Frequently Asked Questions About Class Action and Mass Injury Lawsuits

What is a class action lawsuit?

In a class action, one or more people, called class representatives, sue on behalf of people who have similar claims. Together, these persons constitute a “class,” and they are called “class members.” A single court, in a single action, resolves legal issues for all class members, which conserves judicial and litigant resources and ensures consistent legal rulings.

How do I join a class action or mass injury lawsuit?

When one or more people, called “class representatives,” file their class action lawsuit, the class representatives sue on behalf of persons who have similar claims. Together, the class representatives and those with similar claims are called a “class” and are referred to as “class members.”

Importantly, not all lawsuits by large groups of people are class actions. Mass personal injury suits resulting from the use of prescription drugs or defective medical implants are typically numerous individual lawsuits that are coordinated in certain state or federal courts.

Class Action / Mass Injury Lawsuits

If you wish to join a class action, mass action, file an individual suit, or have a general question about a lawsuit, please fill out the form below and our experienced attorneys will assist you with a free, confidential consultation.

Your first step is to determine if your claim, issue, or problem is included in a pending class action or mass injury action. To determine if your claims are part of a class or mass injury action, or to determine if you are a class member, you should read the class definition or description in a relevant complaint. Alternatively, you can simply speak with an experienced professional in class actions and mass injury actions.

Class actions may be limited in several ways. The class may be limited to those persons who live within a particular state. The class may be limited to persons who purchased a particular product during a certain period of time. The class definition and scope is highly case-specific.

If you are part of the class or are a class member, your claims are usually preserved until the court decides whether to “certify” the class. “Certifying” a class means the court permits the case to proceed as a class action, allowing class members’ claims to proceed to trial in a single action or lawsuit.

If the court certifies a class, the court will require notice be sent to all class members. The notice will explain your legal rights and the nature of the lawsuit. If the matter settles before certification, the notice may also contain information on how to obtain compensation. You may have received a class notice in the past via mail or email, or may have read a class action notice in your local paper.

If you are not a class member, you may wish to speak with an attorney to inquire about your individual rights. If you have further questions, please fill out the confidential form below or call us toll-free at 1-800-736-9085.

What is a class action settlement?

In a class action settlement, the court does not decide in favor of any particular party or member. Instead, both sides, called the “plaintiffs” and the “defendants,” agree to settle the case. Settlement avoids delay, significant costs and expenses of continued litigation and trial, and persons affected by the alleged misconduct are guaranteed the settlement relief, if they accept the settlement. To determine if you are entitled to money, relief, or other compensation from a class action settlement, you must first determine if you are a class member.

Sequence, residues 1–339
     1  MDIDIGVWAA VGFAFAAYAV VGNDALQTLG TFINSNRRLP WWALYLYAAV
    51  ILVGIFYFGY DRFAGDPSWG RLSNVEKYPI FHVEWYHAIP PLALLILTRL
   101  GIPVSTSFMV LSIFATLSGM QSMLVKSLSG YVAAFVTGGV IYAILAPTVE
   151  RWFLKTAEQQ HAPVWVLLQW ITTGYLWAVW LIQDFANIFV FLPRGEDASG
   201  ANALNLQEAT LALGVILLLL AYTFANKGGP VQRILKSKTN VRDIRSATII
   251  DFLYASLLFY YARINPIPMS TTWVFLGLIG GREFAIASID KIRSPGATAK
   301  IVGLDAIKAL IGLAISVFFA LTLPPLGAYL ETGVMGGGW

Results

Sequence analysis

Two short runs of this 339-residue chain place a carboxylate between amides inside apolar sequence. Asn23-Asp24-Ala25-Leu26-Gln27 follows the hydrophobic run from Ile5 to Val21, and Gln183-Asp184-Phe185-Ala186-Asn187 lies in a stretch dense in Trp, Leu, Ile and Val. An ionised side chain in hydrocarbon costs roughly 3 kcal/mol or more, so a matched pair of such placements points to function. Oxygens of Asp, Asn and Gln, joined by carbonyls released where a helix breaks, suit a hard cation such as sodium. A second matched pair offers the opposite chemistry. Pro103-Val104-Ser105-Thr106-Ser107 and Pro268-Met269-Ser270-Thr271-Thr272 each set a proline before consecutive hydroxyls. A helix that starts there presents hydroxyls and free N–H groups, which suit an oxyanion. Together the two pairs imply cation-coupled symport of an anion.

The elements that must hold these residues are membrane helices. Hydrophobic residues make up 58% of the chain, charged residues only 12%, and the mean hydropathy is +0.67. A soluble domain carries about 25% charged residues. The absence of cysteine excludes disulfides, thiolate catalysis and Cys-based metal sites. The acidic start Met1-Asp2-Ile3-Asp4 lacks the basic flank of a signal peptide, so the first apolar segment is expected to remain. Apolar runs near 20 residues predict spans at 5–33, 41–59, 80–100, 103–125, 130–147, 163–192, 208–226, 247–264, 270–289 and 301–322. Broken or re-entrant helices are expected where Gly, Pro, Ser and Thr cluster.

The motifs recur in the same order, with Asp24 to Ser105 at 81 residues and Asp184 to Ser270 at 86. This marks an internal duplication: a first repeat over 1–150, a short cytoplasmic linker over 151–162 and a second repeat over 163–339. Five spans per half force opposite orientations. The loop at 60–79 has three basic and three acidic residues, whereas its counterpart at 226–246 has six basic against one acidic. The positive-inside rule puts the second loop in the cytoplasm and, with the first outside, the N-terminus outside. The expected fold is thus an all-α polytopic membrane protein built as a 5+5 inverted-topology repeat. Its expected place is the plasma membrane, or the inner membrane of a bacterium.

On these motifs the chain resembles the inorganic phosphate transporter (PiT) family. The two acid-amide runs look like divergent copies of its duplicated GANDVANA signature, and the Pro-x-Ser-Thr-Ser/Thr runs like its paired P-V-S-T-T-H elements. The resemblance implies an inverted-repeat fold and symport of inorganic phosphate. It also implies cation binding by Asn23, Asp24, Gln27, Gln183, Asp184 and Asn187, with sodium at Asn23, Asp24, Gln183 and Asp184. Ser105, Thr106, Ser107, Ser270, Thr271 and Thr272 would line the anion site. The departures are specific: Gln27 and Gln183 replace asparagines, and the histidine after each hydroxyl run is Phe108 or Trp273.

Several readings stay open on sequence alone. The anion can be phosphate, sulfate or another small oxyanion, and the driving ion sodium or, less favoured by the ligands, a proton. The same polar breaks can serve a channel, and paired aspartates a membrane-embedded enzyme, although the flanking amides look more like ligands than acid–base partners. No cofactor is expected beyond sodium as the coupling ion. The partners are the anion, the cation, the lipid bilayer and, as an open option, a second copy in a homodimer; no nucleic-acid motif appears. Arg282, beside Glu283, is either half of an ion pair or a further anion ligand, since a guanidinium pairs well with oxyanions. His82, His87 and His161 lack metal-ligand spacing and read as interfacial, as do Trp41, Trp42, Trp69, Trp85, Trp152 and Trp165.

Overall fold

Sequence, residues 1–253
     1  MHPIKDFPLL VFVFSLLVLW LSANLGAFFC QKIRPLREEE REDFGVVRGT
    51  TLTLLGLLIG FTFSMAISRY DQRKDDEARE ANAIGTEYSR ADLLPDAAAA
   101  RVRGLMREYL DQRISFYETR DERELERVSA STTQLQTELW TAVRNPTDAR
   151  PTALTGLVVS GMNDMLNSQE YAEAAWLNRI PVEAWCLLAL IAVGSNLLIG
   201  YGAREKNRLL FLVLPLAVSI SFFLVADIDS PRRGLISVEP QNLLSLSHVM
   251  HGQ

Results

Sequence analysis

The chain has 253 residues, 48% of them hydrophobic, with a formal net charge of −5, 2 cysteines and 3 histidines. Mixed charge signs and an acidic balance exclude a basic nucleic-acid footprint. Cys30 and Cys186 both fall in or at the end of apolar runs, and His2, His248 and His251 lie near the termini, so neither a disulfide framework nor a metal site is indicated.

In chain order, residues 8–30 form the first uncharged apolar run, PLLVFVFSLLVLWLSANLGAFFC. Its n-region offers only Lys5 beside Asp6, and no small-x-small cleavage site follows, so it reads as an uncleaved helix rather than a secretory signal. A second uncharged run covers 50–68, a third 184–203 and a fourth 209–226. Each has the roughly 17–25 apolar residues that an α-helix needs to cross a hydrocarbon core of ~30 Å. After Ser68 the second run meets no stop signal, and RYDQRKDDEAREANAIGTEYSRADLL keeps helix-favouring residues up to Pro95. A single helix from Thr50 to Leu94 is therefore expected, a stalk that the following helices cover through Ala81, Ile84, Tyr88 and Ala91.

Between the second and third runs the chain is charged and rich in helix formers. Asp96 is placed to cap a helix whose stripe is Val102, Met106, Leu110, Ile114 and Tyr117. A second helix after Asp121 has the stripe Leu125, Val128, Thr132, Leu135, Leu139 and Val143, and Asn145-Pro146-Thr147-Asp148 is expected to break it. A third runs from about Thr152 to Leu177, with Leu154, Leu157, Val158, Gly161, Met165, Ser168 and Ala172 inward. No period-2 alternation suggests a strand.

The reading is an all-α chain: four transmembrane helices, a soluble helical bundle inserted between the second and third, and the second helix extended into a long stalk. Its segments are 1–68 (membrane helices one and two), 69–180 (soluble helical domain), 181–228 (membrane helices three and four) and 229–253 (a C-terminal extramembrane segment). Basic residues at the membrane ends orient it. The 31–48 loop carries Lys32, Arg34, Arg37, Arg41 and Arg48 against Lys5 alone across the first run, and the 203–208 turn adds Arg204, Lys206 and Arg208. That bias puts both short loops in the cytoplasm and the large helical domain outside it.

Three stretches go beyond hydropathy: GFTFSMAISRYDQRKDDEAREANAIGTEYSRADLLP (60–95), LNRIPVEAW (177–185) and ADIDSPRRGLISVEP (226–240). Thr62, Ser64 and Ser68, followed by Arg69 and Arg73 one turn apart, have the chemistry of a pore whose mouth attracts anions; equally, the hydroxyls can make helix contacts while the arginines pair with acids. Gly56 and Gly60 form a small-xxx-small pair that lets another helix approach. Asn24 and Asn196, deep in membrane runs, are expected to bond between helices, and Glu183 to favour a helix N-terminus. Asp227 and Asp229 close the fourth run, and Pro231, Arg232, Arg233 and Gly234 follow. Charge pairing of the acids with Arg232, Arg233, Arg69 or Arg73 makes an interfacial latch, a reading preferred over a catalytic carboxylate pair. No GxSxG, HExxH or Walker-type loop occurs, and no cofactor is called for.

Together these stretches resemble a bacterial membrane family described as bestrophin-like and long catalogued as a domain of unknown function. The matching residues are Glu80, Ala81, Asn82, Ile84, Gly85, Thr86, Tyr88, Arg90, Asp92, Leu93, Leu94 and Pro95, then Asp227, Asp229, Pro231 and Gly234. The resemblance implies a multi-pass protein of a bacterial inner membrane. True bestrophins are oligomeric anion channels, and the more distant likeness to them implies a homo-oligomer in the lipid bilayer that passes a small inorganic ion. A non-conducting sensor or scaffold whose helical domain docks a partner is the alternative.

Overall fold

How do I know if I am part of a class action settlement?

When a class action lawsuit is filed, there generally is a description in the complaint defining the proposed class, or the complaint may describe who qualifies as a class member. When a class action lawsuit is settled, the judge decides those persons who who fit the description in the settlement notice is a class member.

What happens if I do nothing in response to a class action settlement notice?

If you do nothing, you will not receive any money or other relief from the settlement. Unless you exclude yourself from the class settlement, you will be unable to file your own lawsuit, continue a lawsuit, or be part of any other lawsuit against the settling defendants concerning the legal issues in the settling class action matter.

How can I get payment from a class action settlement?

To qualify for payment from a class action settlement, you must be a class member and you must send in a valid claim form. You may receive a claim form in the mail. Or you may submit your information via the internet at a settlement website specifically set up for a particular class action. Read the claim form instructions carefully. Follow all instructions on the claim form. Submit your claim on time.

How are the lawyers paid in a class action?

Lawyers for the class typically will ask the court for attorneys’ fees and expenses, and the parties may also seek compensation for the class representatives. The court decides how much to award to class counsel and, if appropriate, the class representatives. The payment of attorneys’ fees and expenses will often be paid by the defendants. Other times, fees and expenses may be paid from the class action settlement fund which also is used to compensate class members.

How does the court decide whether to approve a class action settlement?

The court holds a fairness hearing. At the hearing, the court considers whether the settlement is fair, reasonable, and adequate. If there are timely objections, the court will consider them. After the fairness hearing, the court will decide whether to finally approve the settlement.

If you have further questions, please fill out our free, confidential case review form or call us toll-free at 1-800-736-9085.